means, responsive to the access request information indicating a write operation, for loading the access request information into the second queuing means from the first queue output in response to an occurrence of a data tenure associated with the access request information; and
selection control means for causing the multiplexing means to select the first input in response to the second queuing means being empty, and to select the second input in all other cases.
8. In a system comprising a system resource coupled to a system bus that includes separate address and data lines, the system bus further having split-bus transaction capability, wherein the system bus conveys a request for access to the system resource from another system element connected to the system bus, a method of presenting the access request to the system resource from the system bus, the method comprising the steps of:
receiving access request information from the system bus;
supplying the received access request information to an input of a first queue;
supplying an output from the first queue to an input of a second queue and to a first input of selecting means for presenting the access request information to the system resource;
supplying an output from the second queue to a second input of the selecting means;
supplying an output of the selecting means to the system resource;
loading the receiving access request information into the first queue;
in response to the access request information indicating a write operation, loading the access request information into the second queue from the first queue output in response to an occurrence of a data tenure associated with the access request information; and
causing the selecting means to select the first input in response to the second queuing means being empty, and to select the second input in all other cases.
Description
BACKGROUND

The present invention relates to computer graphics controllers for connection to frame buffers, more particularly to access requests made to such computer graphics controllers, and even more particularly to the queuing, within such computer graphics controllers, of frame buffer addresses that are received from a split-response bus.

In computer systems, it is known in the art to utilize a computer graphics controller to serve as an interface between a video frame buffer, such as a video random access memory (VRAM), and other system components, such as one or more central processing units (CPUs) and other video input resources. Typically, the video frame buffer is coupled to the other system components by means of a system bus which conveys both address and pixel data information. The frame buffer stores pixel data that is intended to be retrieved and converted, as necessary, for display on an image display device, such as a cathode ray tube (CRT). The hardware which retrieves the pixel data from the frame buffer for conversion and presentation to the image display device is not usually coupled to the system bus, but instead has its own port for accessing the frame buffer.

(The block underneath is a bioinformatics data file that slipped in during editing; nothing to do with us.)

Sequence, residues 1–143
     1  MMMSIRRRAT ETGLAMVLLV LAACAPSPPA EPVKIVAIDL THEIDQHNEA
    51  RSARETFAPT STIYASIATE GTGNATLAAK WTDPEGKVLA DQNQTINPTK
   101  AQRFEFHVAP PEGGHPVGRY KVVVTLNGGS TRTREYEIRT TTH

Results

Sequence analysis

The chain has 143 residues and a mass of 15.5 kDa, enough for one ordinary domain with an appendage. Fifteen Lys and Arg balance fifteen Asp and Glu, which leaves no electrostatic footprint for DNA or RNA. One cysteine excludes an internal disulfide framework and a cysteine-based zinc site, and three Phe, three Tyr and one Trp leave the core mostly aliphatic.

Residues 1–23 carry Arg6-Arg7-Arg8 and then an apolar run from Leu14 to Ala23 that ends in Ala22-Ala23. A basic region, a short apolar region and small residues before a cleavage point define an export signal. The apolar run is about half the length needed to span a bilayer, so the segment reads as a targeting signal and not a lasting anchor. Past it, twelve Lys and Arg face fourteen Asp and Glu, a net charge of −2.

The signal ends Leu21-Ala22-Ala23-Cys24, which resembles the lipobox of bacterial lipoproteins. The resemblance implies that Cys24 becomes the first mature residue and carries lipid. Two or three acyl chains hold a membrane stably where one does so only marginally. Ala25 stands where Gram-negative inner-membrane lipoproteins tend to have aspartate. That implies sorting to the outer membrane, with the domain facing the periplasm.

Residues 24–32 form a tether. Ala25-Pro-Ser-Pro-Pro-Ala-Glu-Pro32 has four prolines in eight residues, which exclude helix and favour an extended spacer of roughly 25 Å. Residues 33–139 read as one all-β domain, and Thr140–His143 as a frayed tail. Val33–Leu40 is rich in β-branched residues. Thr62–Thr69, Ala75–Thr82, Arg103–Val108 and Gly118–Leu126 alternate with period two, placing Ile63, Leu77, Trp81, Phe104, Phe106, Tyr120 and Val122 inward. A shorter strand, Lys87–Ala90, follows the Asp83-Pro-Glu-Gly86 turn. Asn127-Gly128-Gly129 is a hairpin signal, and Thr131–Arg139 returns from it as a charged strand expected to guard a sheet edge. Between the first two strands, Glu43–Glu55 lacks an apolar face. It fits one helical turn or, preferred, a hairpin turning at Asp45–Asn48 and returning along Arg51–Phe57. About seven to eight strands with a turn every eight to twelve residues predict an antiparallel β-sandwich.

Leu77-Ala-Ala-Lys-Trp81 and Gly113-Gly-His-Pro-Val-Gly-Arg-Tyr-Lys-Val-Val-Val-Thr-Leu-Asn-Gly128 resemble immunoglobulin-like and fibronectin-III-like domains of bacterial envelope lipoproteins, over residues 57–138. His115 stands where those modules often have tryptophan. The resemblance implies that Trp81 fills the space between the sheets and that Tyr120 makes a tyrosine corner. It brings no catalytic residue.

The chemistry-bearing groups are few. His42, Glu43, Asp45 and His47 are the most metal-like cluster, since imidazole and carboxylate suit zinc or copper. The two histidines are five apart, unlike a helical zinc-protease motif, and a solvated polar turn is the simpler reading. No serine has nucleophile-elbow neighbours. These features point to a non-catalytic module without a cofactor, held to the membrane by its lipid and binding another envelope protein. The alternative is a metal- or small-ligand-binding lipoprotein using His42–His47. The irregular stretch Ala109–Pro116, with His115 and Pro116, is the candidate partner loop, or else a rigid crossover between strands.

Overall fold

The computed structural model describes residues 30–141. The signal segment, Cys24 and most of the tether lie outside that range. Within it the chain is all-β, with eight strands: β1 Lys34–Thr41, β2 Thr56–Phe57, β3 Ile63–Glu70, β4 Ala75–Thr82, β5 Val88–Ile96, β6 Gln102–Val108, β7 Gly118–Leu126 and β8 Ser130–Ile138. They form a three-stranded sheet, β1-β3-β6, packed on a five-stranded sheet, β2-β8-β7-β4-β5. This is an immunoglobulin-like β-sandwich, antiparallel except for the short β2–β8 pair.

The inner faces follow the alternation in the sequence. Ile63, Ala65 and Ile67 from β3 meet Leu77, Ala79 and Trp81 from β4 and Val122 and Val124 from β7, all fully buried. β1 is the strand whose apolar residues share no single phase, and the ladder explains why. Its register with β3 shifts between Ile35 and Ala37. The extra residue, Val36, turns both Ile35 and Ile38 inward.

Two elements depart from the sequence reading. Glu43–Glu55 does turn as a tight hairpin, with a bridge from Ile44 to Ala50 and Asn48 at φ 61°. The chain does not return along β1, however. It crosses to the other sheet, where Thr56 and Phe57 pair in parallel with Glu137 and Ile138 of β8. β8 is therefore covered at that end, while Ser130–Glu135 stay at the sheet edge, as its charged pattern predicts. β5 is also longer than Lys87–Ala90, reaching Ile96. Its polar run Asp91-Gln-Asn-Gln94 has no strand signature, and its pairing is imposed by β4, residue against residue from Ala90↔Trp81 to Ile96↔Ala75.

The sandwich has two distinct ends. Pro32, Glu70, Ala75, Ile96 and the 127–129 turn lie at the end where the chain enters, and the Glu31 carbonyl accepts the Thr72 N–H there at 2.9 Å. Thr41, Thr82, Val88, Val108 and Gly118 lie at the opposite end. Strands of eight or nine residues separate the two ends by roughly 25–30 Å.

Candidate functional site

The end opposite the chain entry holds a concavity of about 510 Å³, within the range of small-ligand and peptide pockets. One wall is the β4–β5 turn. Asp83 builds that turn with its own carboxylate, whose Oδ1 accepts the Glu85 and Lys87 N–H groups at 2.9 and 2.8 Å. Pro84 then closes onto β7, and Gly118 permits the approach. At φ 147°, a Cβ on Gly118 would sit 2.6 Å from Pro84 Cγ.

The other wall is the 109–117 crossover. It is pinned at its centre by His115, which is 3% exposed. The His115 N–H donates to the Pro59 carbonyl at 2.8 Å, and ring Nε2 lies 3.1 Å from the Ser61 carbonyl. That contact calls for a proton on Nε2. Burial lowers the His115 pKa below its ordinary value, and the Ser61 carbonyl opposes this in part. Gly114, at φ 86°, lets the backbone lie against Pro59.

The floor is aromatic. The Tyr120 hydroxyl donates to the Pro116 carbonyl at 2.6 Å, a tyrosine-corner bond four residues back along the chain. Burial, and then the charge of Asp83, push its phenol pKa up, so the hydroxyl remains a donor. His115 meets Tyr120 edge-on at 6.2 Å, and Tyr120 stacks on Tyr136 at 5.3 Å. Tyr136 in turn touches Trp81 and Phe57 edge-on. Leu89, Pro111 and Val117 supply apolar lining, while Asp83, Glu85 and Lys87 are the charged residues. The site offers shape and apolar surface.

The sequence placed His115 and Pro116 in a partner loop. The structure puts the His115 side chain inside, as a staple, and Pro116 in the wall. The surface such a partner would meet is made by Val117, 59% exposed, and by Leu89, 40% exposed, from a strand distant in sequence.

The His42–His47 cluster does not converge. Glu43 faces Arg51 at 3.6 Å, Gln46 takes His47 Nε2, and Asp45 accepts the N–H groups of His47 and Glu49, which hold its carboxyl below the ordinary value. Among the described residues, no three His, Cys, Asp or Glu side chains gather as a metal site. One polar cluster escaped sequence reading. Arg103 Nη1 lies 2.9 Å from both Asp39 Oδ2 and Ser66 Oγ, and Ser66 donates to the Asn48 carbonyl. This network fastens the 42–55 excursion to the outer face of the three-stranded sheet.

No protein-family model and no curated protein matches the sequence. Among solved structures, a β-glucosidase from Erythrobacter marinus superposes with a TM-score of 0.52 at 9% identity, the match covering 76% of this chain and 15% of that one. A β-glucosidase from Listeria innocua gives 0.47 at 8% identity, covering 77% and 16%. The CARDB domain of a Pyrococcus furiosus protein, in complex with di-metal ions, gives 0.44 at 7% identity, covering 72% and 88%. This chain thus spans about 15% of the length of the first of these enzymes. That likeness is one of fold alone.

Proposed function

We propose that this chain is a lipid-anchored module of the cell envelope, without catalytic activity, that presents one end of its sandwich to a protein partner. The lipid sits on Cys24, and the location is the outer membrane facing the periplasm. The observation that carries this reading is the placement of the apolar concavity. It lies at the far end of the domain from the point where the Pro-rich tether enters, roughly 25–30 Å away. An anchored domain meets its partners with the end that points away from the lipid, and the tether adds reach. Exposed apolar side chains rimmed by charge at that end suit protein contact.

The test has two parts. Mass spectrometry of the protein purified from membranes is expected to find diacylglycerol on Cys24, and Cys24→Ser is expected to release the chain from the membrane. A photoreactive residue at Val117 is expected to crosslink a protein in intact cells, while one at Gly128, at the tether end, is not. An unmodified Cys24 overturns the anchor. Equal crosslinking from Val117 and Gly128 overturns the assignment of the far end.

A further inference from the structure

The amount of time necessary for the frame buffer to access a location (either for reading or storing a pixel) is typically much slower than the operating speed of the system components requesting such accesses. To accommodate this mismatch in component operating speeds, it is possible to require that each frame buffer access request be held off (i.e., made to wait) until the frame buffer is finished with a present task and is ready to begin the next. However, if the system components that are making the access requests are themselves held off until such requests are serviced by the frame buffer, then the system bus will be tied up, thereby making it impossible for other system resources to perform even non-video related tasks. It is apparent that this situation will detrimentally affect system performance.

The problem is further compounded by the type of system bus that is utilized. Several bus characteristics may vary from system to system. For example, a device connected to the bus may be a master, a slave, or both. A master uses the system bus to issue requests for service to different slaves. A slave uses the system bus to respond to requests for service from different masters. A device may at one time issue a request for service and at another time respond to a request for service, thereby functioning as both a master and a slave.

Until recently, most small computer systems had only a single bus master that, with relatively few exceptions, enjoyed unrestricted access to the system bus. More recently, however, some personal computer systems have adopted a strategy, previously employed in minicomputers and mainframe computers, in which multiple bus masters are permitted to compete for access to the system bus through an arbitration process. In a typical personal computer (PC), for example, arbitrating devices may include a system microprocessor, processor-board DMA channels and expansion-slot bus master devices. It can be seen that, in such a system, the hoarding of bus resources by one bus master can significantly impact the performance of other potential bus masters.

Another characteristic of buses that affects system performance relates to the fact that a typical computer system bus is conceptually divided into an address bus, a data bus and a control bus. A bus transaction is a complete exchange between two bus devices, and typically comprises both an address phase, during which address information is presented on the address bus, and a data phase during which data information is presented on the data bus. The data phase of a bus transaction may follow the address phase of the same transaction in ordered succession, without any other data phase of any other bus transaction intervening. In such a case, the system bus is said to be "tightly ordered." Small computer systems are, as a general rule, tightly ordered.